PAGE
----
Although several theories have been used to explain health information seeking on the internet, the most recent reviews of methods and measures for health information do not provide insight into the factors predicting the uptake of these behaviors [, ]. Most studies investigating predictors of using the internet for health information purposes identify age, female sex, and educational attainment as independent sociodemographic predictors, whereas other studies have also identified other demographic factors (race, income, and employment), health status, health care access, and digital literacy factors (eg, internet usage intensity) as mediators of web-based health information seeking [ - ]. Although inconsistent, most studies have found that age is a significant predictor of web-based health information–seeking behaviors [ , , ]. Generally, as age increases, web-based health information seeking decreases; however, the relationship is complex. For example, Veenhof et al [ ] documented that Canadians aged 16 to 25 years were significantly less likely to go on the web to search for health-related information than Canadians aged 26 to 65 years. Interestingly, among all respondents in our study, increasing age was a negative predictor of web-based information seeking; however, it was not a significant predictor among internet users. Our finding that female internet users are more likely to be web-based health information seekers is consistent with that reported by others [ - , ].
Similar to others, we found that smartphone or tablet owners were more likely to be younger, affluent, and highly educated than nonowners . Our finding that 30% of smartphone or tablet owners used health apps is consistent with the range of 19% to 58% reported in studies of racially diverse Americans [ , , ]. Our finding that younger individuals were more likely to use health apps is consistent with a national survey of 1604 American mobile phone users that found individuals who were younger, had higher income, were more educated, were Latino or Hispanic, and had a BMI in the obese range were more likely to use health apps [ ].
Finally, several studies have explored willingness to get on the web and future use of eHealth tools [- ]. Our finding that 32% of noninternet users thought they would go on the web is higher than the 8% who said they would like to start using the internet or email in a recent Pew Research Centre survey [ ]. Encouragingly, 67% of noninternet users reported that they would likely go on the web in the future, indicating that they would be willing to take a workshop or learn from a friend or family member (72%). Other surveys have reported varying levels of interest in specific eHealth interventions, from highs of 83% of women willing to participate in an internet-based postpartum weight loss intervention [ ] to lows where only 18% preferred to learn health, wellness, and lifestyle information from a mobile app [ ]. Recently, a qualitative study of British South Asians suggested that short text messages to support medication adherence for type 2 diabetes would be acceptable and relevant [ ]. Although limited research exists, language preferences and age have been found to predict willingness to use internet or smartphone app–based interventions for health [ , ], consistent with our finding that increasing age is a negative predictor of app use.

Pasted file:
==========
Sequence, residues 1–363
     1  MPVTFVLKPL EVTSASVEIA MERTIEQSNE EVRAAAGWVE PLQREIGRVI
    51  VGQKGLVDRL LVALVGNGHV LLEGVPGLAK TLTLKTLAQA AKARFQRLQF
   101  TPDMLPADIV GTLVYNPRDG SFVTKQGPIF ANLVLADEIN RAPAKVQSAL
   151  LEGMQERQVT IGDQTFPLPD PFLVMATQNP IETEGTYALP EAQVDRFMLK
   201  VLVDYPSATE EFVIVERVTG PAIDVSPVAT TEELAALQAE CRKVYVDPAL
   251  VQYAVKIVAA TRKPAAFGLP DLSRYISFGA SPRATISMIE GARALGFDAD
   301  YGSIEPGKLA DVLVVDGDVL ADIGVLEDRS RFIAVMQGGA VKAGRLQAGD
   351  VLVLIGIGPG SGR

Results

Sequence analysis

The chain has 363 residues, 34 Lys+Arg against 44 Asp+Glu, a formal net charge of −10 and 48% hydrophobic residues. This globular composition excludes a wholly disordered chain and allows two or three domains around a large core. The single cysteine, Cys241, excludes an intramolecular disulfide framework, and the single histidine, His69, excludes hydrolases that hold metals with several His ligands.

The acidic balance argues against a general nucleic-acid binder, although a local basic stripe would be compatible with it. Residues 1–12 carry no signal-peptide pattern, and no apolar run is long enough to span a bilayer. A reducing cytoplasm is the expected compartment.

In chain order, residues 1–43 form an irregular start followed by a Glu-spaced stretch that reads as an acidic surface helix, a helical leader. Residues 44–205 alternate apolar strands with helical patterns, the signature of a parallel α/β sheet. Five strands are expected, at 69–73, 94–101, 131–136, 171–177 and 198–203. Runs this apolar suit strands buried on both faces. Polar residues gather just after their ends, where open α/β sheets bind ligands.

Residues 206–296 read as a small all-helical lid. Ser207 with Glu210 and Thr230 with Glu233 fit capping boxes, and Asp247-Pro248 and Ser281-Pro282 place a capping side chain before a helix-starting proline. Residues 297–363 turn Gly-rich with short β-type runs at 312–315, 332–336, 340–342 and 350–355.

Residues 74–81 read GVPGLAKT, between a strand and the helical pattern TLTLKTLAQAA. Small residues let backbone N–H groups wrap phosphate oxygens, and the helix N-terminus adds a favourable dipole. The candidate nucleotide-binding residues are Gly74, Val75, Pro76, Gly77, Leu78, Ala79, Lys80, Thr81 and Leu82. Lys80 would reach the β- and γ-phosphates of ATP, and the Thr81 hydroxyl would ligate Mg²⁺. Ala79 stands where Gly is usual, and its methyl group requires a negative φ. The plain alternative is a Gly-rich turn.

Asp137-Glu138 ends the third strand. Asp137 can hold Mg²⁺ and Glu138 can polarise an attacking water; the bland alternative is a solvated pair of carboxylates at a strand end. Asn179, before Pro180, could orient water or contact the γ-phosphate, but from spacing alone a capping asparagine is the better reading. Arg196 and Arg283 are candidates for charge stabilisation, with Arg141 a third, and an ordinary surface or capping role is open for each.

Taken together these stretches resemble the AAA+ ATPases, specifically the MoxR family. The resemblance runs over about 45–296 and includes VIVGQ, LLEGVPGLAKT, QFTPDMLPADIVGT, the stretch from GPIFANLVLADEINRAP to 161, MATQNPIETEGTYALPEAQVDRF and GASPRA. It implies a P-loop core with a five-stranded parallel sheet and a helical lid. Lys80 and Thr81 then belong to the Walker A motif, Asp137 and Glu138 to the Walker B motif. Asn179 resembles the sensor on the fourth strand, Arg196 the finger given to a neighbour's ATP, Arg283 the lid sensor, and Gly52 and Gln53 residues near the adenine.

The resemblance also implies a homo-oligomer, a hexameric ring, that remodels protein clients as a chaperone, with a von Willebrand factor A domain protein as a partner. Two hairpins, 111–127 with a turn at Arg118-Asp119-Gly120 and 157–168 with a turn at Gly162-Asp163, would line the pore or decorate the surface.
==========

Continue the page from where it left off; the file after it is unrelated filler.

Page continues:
First, our results suggest that community-based, culturally tailored strategies would be welcomed and are required to reduce identified digital divides and increase the uptake and use of credible web-based and app-based resources for health purposes among South Asian adults who are current internet users and nonusers. This is particularly timely, given the need to consider and increase remote delivery of health care based on social distancing as a result of the COVID-19 pandemic. Although eHealth and mHealth interventions appear to be more likely to reach certain subgroups of individuals, such as those that are younger, English speaking, and with high educational achievement, particular attention must be paid not to exacerbate health inequities based on these digital divides. Although most internet users were interested in YouTube or web-based peer support interventions, a range of eHealth interventions will be needed to meet the needs of various subgroups within the community. Device and internet training offered in a culturally relevant way for noninternet users who are interested in getting on the web may reduce identified divides, whereas different means, such as using friends or family as intermediaries, will be required to reach noninternet users, particularly those who have no intention to get on the web. Second, as web-based resources are not designed to replace health professional interactions , health care professionals and health organizations must play an important role in referring and supporting patients to access credible eHealth resources, including those that are tailored specifically to South Asian health needs.